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Global sea-level rise and its relation to the terrestrial reference frame

Abstract

We examined the sensitivity of estimates of global sea-level rise obtained from GPS-corrected long term tide gauge records to uncertainties in the International Terrestrial Reference Frame (ITRF) realization. A useful transfer function was established, linking potential errors in the reference frame datum (origin and scale) to resulting errors in the estimate of global sea level rise. Contrary to scale errors that are propagated by a factor of 100%, the impact of errors in the origin depends on the network geometry. The geometry of the network analyzed here resulted in an error propagation factor of 50% for the Z component of the origin, mainly due to the asymmetry in the distribution of the stations between hemispheres. This factor decreased from 50% to less than 10% as the geometry of the network improved using realistic potential stations that did not yet meet the selection criteria (e.g., record length, data availability). Conversely, we explored new constraints on the reference frame by considering forward calculations involving tide gauge records. A reference frame could be found in which the scatter of the regional sea-level rates was limited. The resulting reference frame drifted by 1.36 ± 0.22  mm/year from the ITRF2000 origin in the Z component and by −0.44 ± 0.22 mm/year from the ITRF2005 origin. A bound on the rate of global sea level rise of 1.2 to 1.6 mm/year was derived for the past century, depending on the origin of the adopted reference frame. The upper bound is slightly lower than previous estimates of 1.8 mm/year discussed in the IPCC fourth report.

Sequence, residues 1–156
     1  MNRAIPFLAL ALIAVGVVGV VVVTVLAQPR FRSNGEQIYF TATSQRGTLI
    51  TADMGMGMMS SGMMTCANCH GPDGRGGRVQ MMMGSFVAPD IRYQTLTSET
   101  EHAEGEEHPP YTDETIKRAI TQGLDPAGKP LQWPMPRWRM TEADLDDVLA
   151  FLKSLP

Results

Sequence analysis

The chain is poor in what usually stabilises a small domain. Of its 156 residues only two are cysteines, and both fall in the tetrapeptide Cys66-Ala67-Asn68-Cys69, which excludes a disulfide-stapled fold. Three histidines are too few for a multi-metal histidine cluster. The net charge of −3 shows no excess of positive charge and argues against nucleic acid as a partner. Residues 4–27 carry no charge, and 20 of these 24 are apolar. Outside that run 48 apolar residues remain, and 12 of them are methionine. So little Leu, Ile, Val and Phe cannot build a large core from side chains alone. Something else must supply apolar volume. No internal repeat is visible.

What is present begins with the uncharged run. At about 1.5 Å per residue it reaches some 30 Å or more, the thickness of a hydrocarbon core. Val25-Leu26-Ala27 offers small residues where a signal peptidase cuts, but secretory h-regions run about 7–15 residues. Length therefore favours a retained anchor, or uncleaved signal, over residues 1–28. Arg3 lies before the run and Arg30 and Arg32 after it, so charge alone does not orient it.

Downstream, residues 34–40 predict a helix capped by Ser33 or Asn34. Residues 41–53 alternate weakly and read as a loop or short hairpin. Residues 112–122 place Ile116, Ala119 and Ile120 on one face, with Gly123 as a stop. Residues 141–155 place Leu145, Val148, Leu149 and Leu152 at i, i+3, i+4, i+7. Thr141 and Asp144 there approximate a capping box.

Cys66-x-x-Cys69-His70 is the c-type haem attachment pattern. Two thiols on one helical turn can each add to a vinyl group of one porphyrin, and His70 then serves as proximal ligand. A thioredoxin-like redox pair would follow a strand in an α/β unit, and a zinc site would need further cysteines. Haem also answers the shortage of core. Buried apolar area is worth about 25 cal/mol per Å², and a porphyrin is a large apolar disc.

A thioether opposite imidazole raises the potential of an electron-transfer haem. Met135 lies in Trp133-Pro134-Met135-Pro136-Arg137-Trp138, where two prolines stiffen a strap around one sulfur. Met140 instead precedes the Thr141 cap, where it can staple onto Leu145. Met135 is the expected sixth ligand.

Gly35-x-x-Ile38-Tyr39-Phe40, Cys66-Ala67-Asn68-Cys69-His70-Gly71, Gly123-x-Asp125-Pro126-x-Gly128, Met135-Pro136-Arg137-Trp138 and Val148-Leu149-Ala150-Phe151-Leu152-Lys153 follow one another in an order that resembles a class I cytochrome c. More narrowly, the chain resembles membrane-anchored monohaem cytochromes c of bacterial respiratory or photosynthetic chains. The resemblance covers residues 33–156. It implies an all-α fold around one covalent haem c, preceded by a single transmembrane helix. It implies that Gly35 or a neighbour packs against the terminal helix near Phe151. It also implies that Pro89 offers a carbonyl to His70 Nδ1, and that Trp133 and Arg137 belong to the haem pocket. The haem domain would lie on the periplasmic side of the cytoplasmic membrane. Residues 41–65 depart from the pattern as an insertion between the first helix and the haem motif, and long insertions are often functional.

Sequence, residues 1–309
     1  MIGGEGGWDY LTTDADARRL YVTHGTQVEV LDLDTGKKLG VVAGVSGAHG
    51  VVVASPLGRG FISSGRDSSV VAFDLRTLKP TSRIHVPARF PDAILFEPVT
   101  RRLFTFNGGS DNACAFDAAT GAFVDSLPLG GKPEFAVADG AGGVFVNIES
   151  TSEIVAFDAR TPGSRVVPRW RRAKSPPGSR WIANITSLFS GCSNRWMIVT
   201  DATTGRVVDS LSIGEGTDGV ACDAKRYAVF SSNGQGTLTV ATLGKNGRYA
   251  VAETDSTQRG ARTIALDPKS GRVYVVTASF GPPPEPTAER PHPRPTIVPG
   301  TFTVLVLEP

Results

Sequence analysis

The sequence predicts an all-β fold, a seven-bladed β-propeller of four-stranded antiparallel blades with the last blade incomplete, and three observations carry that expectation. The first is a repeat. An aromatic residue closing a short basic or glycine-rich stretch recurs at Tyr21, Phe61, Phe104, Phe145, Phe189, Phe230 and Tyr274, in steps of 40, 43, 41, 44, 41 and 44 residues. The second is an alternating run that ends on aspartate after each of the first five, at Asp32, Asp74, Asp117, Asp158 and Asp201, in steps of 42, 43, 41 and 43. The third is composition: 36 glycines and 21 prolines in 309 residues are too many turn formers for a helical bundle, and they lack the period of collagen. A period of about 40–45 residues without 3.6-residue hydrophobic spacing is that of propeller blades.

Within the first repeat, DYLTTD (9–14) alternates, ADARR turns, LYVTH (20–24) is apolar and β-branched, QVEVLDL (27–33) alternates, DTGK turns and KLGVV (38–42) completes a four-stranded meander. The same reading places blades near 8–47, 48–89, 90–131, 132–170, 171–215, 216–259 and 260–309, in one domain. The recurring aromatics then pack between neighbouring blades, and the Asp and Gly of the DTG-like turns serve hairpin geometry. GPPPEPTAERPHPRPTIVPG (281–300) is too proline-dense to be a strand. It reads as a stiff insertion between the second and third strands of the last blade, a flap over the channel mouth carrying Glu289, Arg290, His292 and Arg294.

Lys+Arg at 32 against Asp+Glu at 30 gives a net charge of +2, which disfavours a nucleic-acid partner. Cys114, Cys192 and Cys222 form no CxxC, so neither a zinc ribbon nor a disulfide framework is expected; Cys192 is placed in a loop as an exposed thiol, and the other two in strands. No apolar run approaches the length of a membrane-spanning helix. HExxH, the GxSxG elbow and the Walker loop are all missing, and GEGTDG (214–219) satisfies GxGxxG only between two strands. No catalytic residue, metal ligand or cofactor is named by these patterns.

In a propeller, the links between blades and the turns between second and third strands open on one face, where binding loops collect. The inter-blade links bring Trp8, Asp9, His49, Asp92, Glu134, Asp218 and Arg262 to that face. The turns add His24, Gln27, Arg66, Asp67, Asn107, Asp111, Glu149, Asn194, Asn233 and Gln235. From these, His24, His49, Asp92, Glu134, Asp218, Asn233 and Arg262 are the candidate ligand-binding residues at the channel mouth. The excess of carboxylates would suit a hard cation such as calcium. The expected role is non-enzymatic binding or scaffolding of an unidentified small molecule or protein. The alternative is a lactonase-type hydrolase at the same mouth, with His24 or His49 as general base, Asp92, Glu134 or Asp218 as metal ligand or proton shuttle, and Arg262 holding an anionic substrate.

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Correspondence to Xavier Collilieux.

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Collilieux, X., Wöppelmann, G. Global sea-level rise and its relation to the terrestrial reference frame. J Geod 85, 9–22 (2011). https://doi.org/10.1007/s00190-010-0412-4

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Keywords

  • Sea-level change
  • Vertical land motion
  • Reference Frame
  • ITRF
  • Tide gauges
  • GPS